How is progress being made with the United Nations’ Sustainable Development Goals (SDG) around the world – who monitors them in the individual countries, and who advises political leaders on their implementation? It is virtually impossible to give a universal answer to this question, says Dr Hannah Janetschek, Project Manager for International Partnerships at the office of the German Council for Sustainable Development (RNE). However, sustainable development advisory councils and similar organisations which are working to implement the 2030 Agenda at national level play an important role.
For this reason, from 17 to 20 February, the Global Forum for National SDG Advisory Bodies will meet in the Colombian capital of Bogotá for the first time. The network was established last September at the United Nations (UN) Sustainable Development Summit in New York. “The actors involved are incredibly diverse,” says Janetschek. There are approximately 70 participants in all. Only about a quarter come from Europe or North America, with the remainder hailing from Africa, Asia, the Middle East and Latin America.
The network is particularly important for developing and emerging countries. While Europe has had a network of sustainability bodies – the EEAC (European Environment and Sustainable Development Advisory Councils) – for quite some time, similar organisations have only been set up in many other countries since the United Nations adopted the 2030 Agenda in 2015. Implementation of the Agenda is currently proving difficult, as the UN pointed out last year. This is primarily due to the global crisis of multilateralism. The network sets out to counter this by advocating partnerships for progress. “We cannot overload advisory councils and other sustainability actors in autocratic countries with a democratisation mandate, but they can of course still make valuable contributions towards fostering sustainable development within these societies,” says Janetschek.
With this in mind, the aim is to take concrete steps to strengthen organisations and enable projects to be implemented. “As of result of the Voluntary National Reviews introduced by the United Nations, numerous ‘SDG Units’ have been created in recent years which are either very close to or part of their respective governments. This begs the question of how these can be incorporated into the institutional sustainability architecture of the respective countries as constructive advisory bodies to support implementation of the SDGs long-term,” Janetschek explains. In other countries, she adds, the opposite applies, with political leaders barely aware of the multi-stakeholder platforms for sustainable development which have emerged from civil society. There, the question is how to establish them permanently as sustainability advisory councils.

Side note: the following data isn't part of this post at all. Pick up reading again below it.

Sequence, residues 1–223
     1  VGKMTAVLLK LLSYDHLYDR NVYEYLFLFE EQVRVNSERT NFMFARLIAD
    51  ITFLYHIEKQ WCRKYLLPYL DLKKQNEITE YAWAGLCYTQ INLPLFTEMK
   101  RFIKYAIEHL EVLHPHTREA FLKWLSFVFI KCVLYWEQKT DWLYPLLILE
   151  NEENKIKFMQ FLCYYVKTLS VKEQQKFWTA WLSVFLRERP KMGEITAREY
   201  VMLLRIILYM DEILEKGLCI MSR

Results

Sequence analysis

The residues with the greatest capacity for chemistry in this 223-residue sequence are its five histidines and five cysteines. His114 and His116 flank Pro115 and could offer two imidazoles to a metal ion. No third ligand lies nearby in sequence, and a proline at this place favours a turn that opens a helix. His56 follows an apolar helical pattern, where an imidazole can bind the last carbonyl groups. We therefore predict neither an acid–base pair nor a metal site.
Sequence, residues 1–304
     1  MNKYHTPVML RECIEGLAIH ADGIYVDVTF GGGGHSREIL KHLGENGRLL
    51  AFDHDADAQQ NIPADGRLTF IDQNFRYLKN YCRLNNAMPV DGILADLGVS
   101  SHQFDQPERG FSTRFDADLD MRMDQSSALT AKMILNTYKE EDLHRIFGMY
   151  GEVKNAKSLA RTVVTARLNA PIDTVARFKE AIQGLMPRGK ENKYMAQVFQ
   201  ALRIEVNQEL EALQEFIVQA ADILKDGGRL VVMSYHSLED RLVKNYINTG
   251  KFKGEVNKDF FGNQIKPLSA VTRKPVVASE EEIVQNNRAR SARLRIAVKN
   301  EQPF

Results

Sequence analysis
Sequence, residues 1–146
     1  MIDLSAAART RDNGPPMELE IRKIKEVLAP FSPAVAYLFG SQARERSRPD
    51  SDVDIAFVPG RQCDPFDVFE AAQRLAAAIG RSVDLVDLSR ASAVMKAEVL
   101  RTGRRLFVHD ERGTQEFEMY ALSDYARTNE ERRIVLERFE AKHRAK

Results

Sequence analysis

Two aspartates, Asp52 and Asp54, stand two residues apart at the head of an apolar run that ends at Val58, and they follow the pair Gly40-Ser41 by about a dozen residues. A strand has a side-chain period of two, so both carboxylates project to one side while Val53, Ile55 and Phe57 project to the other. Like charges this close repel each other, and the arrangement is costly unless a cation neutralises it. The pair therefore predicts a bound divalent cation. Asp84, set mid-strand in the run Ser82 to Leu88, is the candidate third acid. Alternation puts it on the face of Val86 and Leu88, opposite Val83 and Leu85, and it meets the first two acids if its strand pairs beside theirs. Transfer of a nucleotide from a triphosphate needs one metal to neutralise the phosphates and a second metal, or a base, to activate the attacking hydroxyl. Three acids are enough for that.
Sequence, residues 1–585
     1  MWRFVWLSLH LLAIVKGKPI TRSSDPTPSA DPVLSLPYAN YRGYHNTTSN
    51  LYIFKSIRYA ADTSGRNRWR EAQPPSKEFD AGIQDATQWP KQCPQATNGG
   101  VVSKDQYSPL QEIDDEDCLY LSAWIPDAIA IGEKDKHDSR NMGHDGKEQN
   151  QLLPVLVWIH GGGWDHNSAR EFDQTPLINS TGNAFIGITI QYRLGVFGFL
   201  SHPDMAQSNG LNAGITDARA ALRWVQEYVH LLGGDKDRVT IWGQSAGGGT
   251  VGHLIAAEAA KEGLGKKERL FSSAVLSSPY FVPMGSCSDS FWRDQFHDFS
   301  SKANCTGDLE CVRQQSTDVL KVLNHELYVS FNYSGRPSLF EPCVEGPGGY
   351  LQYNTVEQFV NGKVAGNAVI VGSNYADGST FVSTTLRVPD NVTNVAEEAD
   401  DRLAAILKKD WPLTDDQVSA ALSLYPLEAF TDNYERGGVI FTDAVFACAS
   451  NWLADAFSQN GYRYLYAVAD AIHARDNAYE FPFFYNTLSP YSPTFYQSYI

Diversity is fruitful
The Forum describes its members as generating a wide range of knowledge stemming from their extensive experience of promoting sustainable development, which is shared and built upon between the individual countries and institutions. The actors’ diversity is precisely what makes the dialogue so fruitful. For example, Vietnam’s business council has been holding a National Conference on Sustainable Development since 2018, which is also attended by high-ranking politicians such as the deputy prime minister. Meanwhile, in South Africa, an alliance has formed between civil society and trade unions which were involved in producing the country’s first Voluntary National Review (VNR) on implementation of the SDGs. The review was differentiated. Although it cited progress in gender equality, for instance, with 41 per cent of members of parliament being female in 2016, the country remains blighted by substantial social inequality and violence against women.
One of the objectives of the inauguration meeting in Bogotá is to now reinforce a multi-stakeholder approach in other countries of the kind which is currently being established in South Africa. This means that sustainability advisory councils should comprise as many actors as possible as this is the only way to promote dialogue within the societies. The advisory councils or similar bodies should neither nod through the government’s agenda nor limit themselves to strong criticism from civil society. Instead, the objective is to foster constructive participation and measures to bring about sustainable development.
In concrete terms, the meeting in Bogotá could give rise to the first partnerships between countries, for example on projects to establish renewable energies or to examine how cities and local governments can produce sustainability plans. Another point is set to address the question of how individual countries can have their sustainability policy scrutinised independently, for instance via peer review processes. By the end of the meeting, a work programme covering the period to the end of 2021 should have been agreed.